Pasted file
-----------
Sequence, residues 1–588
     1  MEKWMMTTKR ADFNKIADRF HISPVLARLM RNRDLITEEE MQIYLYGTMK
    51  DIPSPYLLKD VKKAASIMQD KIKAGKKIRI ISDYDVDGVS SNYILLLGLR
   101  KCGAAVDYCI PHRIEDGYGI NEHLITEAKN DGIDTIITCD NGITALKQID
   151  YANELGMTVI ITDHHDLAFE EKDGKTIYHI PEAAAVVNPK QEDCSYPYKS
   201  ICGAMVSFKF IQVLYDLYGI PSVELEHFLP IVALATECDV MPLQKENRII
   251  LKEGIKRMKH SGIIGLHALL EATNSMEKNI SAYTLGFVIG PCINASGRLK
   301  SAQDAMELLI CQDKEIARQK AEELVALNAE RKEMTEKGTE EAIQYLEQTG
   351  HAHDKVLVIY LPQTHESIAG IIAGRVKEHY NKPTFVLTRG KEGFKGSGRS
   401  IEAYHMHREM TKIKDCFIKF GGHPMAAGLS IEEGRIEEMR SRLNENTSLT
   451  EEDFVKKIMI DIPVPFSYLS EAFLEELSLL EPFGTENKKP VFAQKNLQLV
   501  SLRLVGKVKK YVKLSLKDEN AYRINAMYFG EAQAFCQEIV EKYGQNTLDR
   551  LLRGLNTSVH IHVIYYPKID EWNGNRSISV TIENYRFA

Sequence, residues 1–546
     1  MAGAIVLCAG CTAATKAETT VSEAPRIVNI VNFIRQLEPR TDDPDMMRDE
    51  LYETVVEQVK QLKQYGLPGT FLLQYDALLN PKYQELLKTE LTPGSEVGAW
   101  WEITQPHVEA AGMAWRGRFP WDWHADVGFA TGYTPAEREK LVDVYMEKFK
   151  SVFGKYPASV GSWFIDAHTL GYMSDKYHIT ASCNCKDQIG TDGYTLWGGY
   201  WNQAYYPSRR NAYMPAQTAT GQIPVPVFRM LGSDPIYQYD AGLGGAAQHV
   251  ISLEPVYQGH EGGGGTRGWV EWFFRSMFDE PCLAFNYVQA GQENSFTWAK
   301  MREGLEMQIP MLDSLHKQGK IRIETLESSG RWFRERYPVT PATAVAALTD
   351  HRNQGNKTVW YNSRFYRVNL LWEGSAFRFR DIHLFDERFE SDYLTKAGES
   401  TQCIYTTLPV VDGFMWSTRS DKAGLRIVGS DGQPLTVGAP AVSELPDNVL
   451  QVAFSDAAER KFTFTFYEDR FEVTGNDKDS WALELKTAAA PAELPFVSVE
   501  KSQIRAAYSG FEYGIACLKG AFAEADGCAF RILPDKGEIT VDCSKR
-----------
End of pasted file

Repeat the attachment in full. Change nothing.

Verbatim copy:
Sequence, residues 1–588
     1  MEKWMMTTKR ADFNKIADRF HISPVLARLM RNRDLITEEE MQIYLYGTMK
    51  DIPSPYLLKD VKKAASIMQD KIKAGKKIRI ISDYDVDGVS SNYILLLGLR
   101  KCGAAVDYCI PHRIEDGYGI NEHLITEAKN DGIDTIITCD NGITALKQID
   151  YANELGMTVI ITDHHDLAFE EKDGKTIYHI PEAAAVVNPK QEDCSYPYKS
   201  ICGAMVSFKF IQVLYDLYGI PSVELEHFLP IVALATECDV MPLQKENRII
   251  LKEGIKRMKH SGIIGLHALL EATNSMEKNI SAYTLGFVIG PCINASGRLK
   301  SAQDAMELLI CQDKEIARQK AEELVALNAE RKEMTEKGTE EAIQYLEQTG
   351  HAHDKVLVIY LPQTHESIAG IIAGRVKEHY NKPTFVLTRG KEGFKGSGRS
   401  IEAYHMHREM TKIKDCFIKF GGHPMAAGLS IEEGRIEEMR SRLNENTSLT
   451  EEDFVKKIMI DIPVPFSYLS EAFLEELSLL EPFGTENKKP VFAQKNLQLV
   501  SLRLVGKVKK YVKLSLKDEN AYRINAMYFG EAQAFCQEIV EKYGQNTLDR
   551  LLRGLNTSVH IHVIYYPKID EWNGNRSISV TIENYRFA

Sequence, residues 1–546
     1  MAGAIVLCAG CTAATKAETT VSEAPRIVNI VNFIRQLEPR TDDPDMMRDE
    51  LYETVVEQVK QLKQYGLPGT FLLQYDALLN PKYQELLKTE LTPGSEVGAW
   101  WEITQPHVEA AGMAWRGRFP WDWHADVGFA TGYTPAEREK LVDVYMEKFK
   151  SVFGKYPASV GSWFIDAHTL GYMSDKYHIT ASCNCKDQIG TDGYTLWGGY
   201  WNQAYYPSRR NAYMPAQTAT GQIPVPVFRM LGSDPIYQYD AGLGGAAQHV
   251  ISLEPVYQGH EGGGGTRGWV EWFFRSMFDE PCLAFNYVQA GQENSFTWAK
   301  MREGLEMQIP MLDSLHKQGK IRIETLESSG RWFRERYPVT PATAVAALTD
   351  HRNQGNKTVW YNSRFYRVNL LWEGSAFRFR DIHLFDERFE SDYLTKAGES
   401  TQCIYTTLPV VDGFMWSTRS DKAGLRIVGS DGQPLTVGAP AVSELPDNVL
   451  QVAFSDAAER KFTFTFYEDR FEVTGNDKDS WALELKTAAA PAELPFVSVE
   501  KSQIRAAYSG FEYGIACLKG AFAEADGCAF RILPDKGEIT VDCSKR